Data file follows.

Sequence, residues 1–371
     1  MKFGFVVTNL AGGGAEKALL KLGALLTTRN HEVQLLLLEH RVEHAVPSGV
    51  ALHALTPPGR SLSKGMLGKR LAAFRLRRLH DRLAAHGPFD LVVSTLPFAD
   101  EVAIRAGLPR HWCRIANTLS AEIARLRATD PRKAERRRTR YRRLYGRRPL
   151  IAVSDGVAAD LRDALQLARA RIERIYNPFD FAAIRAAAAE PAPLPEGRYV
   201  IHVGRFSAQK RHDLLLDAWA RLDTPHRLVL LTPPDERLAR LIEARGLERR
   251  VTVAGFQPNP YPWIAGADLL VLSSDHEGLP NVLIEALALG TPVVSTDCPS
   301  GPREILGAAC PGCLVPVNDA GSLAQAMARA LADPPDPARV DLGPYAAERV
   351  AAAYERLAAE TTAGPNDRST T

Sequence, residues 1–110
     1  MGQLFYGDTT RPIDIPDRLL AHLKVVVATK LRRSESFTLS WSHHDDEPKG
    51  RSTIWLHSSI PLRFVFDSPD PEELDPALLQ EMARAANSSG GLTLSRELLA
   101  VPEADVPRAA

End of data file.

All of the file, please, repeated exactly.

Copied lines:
Sequence, residues 1–371
     1  MKFGFVVTNL AGGGAEKALL KLGALLTTRN HEVQLLLLEH RVEHAVPSGV
    51  ALHALTPPGR SLSKGMLGKR LAAFRLRRLH DRLAAHGPFD LVVSTLPFAD
   101  EVAIRAGLPR HWCRIANTLS AEIARLRATD PRKAERRRTR YRRLYGRRPL
   151  IAVSDGVAAD LRDALQLARA RIERIYNPFD FAAIRAAAAE PAPLPEGRYV
   201  IHVGRFSAQK RHDLLLDAWA RLDTPHRLVL LTPPDERLAR LIEARGLERR
   251  VTVAGFQPNP YPWIAGADLL VLSSDHEGLP NVLIEALALG TPVVSTDCPS
   301  GPREILGAAC PGCLVPVNDA GSLAQAMARA LADPPDPARV DLGPYAAERV
   351  AAAYERLAAE TTAGPNDRST T

Sequence, residues 1–110
     1  MGQLFYGDTT RPIDIPDRLL AHLKVVVATK LRRSESFTLS WSHHDDEPKG
    51  RSTIWLHSSI PLRFVFDSPD PEELDPALLQ EMARAANSSG GLTLSRELLA
   101  VPEADVPRAA